Coupled with surging food prices and international isolation because of western sanctions, the water shortages threaten to undermine President Vladimir Putin’s promise of a better life for Crimeans under Russian rule.

Though state-run pollsters claim Putin remains more popular in Crimea than on average across Russia, the patriotic fervour that sent his approval ratings to record levels after the 2014 annexation has long since subsided.

Map showing Ukraine and the North Crimean Canal, Crimea

“The water reserves and fields have dried up,” said Viktor, 47, a Crimean who regularly travels to Ukraine for work. “Each year it’s getting worse and worse. We didn’t have this problem before annexation,” he said, adding that most Crimeans blamed Ukraine for the crisis.

A $3.7bn bridge across the Kerch Strait linking Crimea with mainland Russia has become a conduit for trucks ferrying water for locals to take away in plastic containers. Popular Black Sea tourist resorts can turn on their taps for just a few hours a day during peak droughts, while the canal has filled with grass and weeds.

Crimea’s agricultural output has fallen owing to a lack of irrigation, making it all but impossible to grow water-intensive crops such as rice.

Construction of the canal began in 1957 after the Soviet Union transferred the arid peninsula to the Ukrainian Soviet Socialist Republic to manage rebuilding after the second world war. The waterway allowed for the cultivation of arable land and helped transform Crimea into a haven for tourists.

“The canal symbolises the stupidity of the Kremlin in occupying Crimea. They didn’t weigh the consequences at a moment of electoral euphoria that was fed by their own propaganda,” said Oleksiy Reznikov, Ukraine’s deputy prime minister in charge of reintegration policies for the occupied territories.

“Why didn’t you think about water?” he asked.

The North Crimean Canal is seen with a low level of water
The severely depleted North Crimean Canal previously provided up to 85% of the peninsula’s water supplies © Pierre Crom/Getty

Workers collect potatoes on the North Crimean Canal
Workers collect potatoes on the North Crimean Canal. Ukraine blocked the irrigation channel after Russia’s 2014 annexation of Crimea © Pierre Crom/Getty

Russia, while pressing Ukraine to reopen the waterway, has launched a Rbs50bn ($680m) programme to bolster Crimea’s supplies, repairing crumbling infrastructure, drilling wells, adding storage and desalination capacity.

Russian prosecutors last week filed a lawsuit in the European Court of Human Rights accusing Ukraine of “flagrant violations” over the issue. Crimea’s governor plans to file a separate complaint demanding up to Rbs1.5tn in compensation.

“Kyiv has essentially used Crimea’s infrastructure dependence on Ukraine, which came about in the Soviet era, as a weapon of mass destruction against all Crimeans. The water blockade is an act of state terrorism and ecocide, but the international community is failing to notice the Kyiv regime’s crimes,” Sergei Aksyonov, the peninsula’s governor, said in written comments to the Financial Times.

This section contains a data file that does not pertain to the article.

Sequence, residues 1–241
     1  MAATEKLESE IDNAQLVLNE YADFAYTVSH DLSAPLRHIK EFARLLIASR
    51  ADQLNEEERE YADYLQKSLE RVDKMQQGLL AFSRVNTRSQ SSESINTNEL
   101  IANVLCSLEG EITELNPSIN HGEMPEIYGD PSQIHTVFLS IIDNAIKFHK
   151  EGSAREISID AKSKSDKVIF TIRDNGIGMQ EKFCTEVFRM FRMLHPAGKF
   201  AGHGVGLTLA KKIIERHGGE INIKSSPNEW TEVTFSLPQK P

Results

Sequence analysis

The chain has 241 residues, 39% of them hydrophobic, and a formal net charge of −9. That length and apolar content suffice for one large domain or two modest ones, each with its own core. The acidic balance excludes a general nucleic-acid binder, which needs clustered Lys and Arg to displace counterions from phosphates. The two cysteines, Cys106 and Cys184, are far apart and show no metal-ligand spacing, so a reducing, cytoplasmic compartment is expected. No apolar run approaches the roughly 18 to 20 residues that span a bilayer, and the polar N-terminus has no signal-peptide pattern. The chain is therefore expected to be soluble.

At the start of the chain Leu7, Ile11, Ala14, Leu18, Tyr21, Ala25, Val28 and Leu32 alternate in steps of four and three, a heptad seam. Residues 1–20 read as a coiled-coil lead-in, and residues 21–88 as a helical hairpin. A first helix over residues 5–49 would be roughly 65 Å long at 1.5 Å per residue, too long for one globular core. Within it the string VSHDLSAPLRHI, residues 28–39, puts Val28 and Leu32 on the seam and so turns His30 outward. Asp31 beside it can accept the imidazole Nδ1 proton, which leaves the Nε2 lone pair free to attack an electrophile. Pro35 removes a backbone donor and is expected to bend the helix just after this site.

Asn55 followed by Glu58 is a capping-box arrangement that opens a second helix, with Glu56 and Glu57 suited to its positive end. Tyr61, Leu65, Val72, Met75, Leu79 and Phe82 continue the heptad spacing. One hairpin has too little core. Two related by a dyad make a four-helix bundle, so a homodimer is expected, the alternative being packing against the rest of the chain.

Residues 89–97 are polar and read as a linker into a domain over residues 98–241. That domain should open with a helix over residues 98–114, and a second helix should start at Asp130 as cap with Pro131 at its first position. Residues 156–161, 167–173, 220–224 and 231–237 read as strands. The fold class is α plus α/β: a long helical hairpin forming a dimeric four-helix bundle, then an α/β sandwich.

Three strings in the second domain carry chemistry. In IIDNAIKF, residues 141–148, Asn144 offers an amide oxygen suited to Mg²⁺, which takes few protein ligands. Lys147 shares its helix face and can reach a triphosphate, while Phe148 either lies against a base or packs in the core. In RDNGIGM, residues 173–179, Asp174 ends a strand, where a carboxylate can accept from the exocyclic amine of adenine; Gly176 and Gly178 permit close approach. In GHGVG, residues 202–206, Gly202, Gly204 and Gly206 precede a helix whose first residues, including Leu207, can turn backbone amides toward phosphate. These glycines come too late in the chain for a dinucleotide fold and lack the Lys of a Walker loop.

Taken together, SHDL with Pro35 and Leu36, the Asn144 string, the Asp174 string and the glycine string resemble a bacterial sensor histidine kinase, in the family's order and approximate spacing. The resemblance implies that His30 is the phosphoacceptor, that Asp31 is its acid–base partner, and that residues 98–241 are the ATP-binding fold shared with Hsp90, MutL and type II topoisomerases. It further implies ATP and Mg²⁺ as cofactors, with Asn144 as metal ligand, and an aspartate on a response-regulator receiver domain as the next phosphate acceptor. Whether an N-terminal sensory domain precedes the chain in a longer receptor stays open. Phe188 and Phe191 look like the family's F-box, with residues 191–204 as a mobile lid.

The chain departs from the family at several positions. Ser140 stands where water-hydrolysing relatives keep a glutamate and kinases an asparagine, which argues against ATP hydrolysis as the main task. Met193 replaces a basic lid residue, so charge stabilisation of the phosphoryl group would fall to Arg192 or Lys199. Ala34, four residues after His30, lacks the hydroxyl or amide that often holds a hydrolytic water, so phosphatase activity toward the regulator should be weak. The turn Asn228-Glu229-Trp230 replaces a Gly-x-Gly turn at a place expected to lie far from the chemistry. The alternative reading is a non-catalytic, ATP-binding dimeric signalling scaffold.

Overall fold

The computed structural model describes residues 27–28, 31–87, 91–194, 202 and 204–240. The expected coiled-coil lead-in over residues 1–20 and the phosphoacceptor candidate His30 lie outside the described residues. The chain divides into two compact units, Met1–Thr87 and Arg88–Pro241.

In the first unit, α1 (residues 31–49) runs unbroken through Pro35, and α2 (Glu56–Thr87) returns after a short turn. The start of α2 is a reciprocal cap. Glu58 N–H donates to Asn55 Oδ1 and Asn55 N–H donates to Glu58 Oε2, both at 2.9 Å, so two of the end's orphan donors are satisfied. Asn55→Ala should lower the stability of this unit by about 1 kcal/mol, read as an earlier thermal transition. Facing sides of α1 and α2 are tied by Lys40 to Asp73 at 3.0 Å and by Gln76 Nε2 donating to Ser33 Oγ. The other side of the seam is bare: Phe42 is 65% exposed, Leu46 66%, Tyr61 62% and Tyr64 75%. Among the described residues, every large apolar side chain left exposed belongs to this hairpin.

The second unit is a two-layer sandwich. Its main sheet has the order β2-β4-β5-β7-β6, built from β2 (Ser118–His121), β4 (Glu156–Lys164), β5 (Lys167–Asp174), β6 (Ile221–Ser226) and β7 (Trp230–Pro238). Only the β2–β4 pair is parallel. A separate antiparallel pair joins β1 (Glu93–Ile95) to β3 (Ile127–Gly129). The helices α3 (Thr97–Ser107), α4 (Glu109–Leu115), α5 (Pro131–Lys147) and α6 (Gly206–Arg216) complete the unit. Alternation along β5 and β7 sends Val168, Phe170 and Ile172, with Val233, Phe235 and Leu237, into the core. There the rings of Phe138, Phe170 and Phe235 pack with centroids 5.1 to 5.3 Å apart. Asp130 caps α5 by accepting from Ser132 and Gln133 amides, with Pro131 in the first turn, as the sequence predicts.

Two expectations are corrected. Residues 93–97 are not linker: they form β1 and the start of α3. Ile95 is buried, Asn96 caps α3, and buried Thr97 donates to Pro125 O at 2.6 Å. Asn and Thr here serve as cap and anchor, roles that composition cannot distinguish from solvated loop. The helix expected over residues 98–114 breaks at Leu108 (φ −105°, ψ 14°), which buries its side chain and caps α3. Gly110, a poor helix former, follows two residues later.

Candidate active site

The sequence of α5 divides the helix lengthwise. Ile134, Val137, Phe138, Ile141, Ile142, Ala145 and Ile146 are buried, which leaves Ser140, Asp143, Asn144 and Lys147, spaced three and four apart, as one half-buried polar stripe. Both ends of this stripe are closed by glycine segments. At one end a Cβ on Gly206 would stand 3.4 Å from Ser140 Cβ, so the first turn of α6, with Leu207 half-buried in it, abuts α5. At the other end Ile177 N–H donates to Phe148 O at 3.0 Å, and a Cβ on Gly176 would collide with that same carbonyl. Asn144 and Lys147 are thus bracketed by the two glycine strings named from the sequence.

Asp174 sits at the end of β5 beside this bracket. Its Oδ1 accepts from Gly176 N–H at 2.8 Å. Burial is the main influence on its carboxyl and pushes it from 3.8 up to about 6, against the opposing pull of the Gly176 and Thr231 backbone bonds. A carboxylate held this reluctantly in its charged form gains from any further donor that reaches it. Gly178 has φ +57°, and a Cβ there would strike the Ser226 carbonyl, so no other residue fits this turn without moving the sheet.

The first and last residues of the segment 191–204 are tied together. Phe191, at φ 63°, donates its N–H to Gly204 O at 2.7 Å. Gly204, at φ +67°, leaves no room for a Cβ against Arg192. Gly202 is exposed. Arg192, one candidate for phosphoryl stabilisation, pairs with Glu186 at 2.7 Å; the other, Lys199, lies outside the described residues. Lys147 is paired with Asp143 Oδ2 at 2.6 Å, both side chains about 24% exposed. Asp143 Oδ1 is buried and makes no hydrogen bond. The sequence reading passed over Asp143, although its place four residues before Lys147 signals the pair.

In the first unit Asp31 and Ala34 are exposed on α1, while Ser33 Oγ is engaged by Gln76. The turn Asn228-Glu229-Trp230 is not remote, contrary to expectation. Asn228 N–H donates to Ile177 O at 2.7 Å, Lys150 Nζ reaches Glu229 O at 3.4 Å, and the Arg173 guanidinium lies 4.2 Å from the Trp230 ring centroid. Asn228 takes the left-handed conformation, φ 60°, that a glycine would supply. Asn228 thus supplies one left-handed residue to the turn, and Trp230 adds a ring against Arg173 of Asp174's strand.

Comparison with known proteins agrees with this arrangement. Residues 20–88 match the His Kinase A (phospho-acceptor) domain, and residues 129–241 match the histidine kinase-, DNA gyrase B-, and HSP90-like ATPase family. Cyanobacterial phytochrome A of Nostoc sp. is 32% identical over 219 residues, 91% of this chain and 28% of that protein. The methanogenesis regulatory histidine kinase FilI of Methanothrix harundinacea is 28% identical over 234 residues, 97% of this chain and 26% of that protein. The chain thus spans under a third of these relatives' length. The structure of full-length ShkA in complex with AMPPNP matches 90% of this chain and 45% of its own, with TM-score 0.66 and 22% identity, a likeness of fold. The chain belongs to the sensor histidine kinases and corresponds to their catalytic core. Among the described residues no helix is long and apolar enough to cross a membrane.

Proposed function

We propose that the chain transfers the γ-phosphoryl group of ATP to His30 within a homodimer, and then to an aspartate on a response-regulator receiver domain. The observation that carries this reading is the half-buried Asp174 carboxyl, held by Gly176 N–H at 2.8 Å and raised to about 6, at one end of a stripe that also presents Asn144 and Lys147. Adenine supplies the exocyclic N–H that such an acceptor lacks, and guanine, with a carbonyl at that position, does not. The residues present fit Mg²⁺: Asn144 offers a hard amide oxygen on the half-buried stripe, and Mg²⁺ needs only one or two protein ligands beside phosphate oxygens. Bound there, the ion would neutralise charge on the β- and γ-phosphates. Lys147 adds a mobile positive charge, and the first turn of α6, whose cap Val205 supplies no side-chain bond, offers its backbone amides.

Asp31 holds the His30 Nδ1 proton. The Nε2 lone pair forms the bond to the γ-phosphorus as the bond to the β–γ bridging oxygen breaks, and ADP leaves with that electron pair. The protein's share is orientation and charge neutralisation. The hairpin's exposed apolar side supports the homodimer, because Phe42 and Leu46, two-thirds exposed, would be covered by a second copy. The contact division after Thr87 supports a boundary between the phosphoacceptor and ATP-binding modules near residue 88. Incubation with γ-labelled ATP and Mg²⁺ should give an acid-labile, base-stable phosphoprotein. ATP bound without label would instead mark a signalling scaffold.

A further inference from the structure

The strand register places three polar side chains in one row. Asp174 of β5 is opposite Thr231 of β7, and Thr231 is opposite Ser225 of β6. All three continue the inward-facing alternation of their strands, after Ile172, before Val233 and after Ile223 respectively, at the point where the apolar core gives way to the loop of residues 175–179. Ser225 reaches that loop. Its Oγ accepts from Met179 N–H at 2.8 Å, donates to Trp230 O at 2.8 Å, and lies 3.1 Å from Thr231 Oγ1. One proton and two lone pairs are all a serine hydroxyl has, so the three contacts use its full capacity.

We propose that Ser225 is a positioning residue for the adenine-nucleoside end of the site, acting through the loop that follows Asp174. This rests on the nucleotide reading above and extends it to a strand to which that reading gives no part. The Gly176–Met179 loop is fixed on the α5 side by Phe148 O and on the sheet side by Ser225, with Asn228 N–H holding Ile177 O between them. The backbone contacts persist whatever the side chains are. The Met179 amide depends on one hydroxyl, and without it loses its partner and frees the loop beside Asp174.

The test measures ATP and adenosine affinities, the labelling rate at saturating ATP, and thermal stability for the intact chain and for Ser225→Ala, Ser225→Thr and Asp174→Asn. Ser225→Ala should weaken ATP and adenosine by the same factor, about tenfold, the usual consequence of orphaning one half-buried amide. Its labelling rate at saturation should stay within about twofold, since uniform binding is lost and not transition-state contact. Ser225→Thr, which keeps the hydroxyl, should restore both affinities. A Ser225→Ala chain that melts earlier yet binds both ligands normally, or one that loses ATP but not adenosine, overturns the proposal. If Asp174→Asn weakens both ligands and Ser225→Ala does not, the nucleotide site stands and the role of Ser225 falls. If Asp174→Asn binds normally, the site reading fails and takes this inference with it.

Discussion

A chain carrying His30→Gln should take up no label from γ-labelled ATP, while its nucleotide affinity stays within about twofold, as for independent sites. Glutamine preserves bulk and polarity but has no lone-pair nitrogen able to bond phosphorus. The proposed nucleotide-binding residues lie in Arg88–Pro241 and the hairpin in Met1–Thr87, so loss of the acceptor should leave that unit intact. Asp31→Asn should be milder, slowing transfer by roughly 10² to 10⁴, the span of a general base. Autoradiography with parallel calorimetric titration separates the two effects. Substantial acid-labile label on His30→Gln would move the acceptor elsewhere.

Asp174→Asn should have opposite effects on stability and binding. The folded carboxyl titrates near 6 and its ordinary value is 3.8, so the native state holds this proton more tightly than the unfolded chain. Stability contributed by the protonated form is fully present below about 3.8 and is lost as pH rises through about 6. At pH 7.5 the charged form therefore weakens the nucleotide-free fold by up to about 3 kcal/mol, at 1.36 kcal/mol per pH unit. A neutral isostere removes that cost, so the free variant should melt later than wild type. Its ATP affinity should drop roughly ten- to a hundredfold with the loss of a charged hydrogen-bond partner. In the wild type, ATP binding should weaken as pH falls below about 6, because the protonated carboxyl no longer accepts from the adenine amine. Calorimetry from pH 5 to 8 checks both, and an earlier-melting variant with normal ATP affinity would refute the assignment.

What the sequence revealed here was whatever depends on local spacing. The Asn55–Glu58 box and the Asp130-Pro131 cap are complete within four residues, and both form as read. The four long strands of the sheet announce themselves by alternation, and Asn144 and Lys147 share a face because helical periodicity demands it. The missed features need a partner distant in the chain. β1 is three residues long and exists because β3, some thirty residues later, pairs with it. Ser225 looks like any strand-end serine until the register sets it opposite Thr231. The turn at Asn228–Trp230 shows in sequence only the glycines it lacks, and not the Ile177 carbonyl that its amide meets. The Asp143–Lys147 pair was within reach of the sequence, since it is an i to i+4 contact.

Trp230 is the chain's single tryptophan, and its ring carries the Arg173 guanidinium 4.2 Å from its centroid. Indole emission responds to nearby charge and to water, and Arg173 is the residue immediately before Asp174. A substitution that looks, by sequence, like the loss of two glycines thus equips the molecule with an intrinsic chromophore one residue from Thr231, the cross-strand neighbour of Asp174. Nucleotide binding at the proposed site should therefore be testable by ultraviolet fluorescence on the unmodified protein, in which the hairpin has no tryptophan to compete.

Reznikov said Russia, as the occupation force, was responsible under the Geneva Conventions for securing water and other basic needs for local the population. Ukraine has filed its own multi-billion-dollar claims against Russia, citing losses caused by what it describes as an illegal land grab.

With tensions rising, Russia deployed tens of thousands of troops and advanced weapons to Crimea this spring, as well as to the border of the two breakaway eastern regions where Moscow-backed separatists have battled government troops into an eighth year.

Col Kyrylo Budanov, chief of Ukraine’s army intelligence unit, said Russia was looking to seize the canal as well as adjacent territory to connect Crimea with the breakaway regions. Russian troops could advance on Nova Kakhovka, the Dnipro river town where the canal begins.

Some Crimean Tatars, an indigenous ethnic group whose members largely opposed Russia’s annexation, have set up a makeshift camp near the dams to make sure the water flow does not resume.

A Crimean Tatar activist on the North Crimean Canal
A Crimean Tatar activist enters his base on the North Crimean Canal. Tatars have set up camp to make sure the water flow does not resume © Pierre Crom/Getty

A Ukraine military vehicle drives past a Soviet monument marking the entrance to Brylivka
A Ukraine military vehicle drives past a Soviet monument marking the entrance to Brylivka, a village on the North Crimean Canal © Pierre Crom/Getty

“It will be a full-scale war,” said a 55-year-old activist who gave his name as Alibaba. He said he and his fellow activists were willing to take up arms to defend the blockaded canal. “There will be nowhere to hide in these fields. Let them try,” he added.

At the Kalanchak border crossing near the new dam, Russian and Ukrainian troops have dug trench positions a few hundred meters apart.

Tensions have also flared in the Black Sea, not just with Ukraine but also with western navies. Russia fired warning shots in the path of a British destroyer sailing through contested waters off Crimea last month. Sevastopol, Crimea’s largest city, is home to Russia’s Black Sea fleet.

Moscow has insisted it would not go to war over Crimea’s water supplies, even as it conceded that Ukraine was unlikely to restore them. “All these hysterical statements from Ukrainian politicians are completely baseless — they’re just stupid, aggressive propaganda aimed at inciting hatred between the Russian and Ukrainian people. There won’t be any ‘water war’,” Crimea governor Aksyonov said.

Reznikov, the Ukrainian minister, said Kyiv was ready to provide Crimea with humanitarian assistance, including drinking water, which it already does for the separatist-run eastern territories, but no request had been made.

“For Russia to admit they’re weak is very difficult . . . it would amount to an admission that they made the wrong decision,” he said.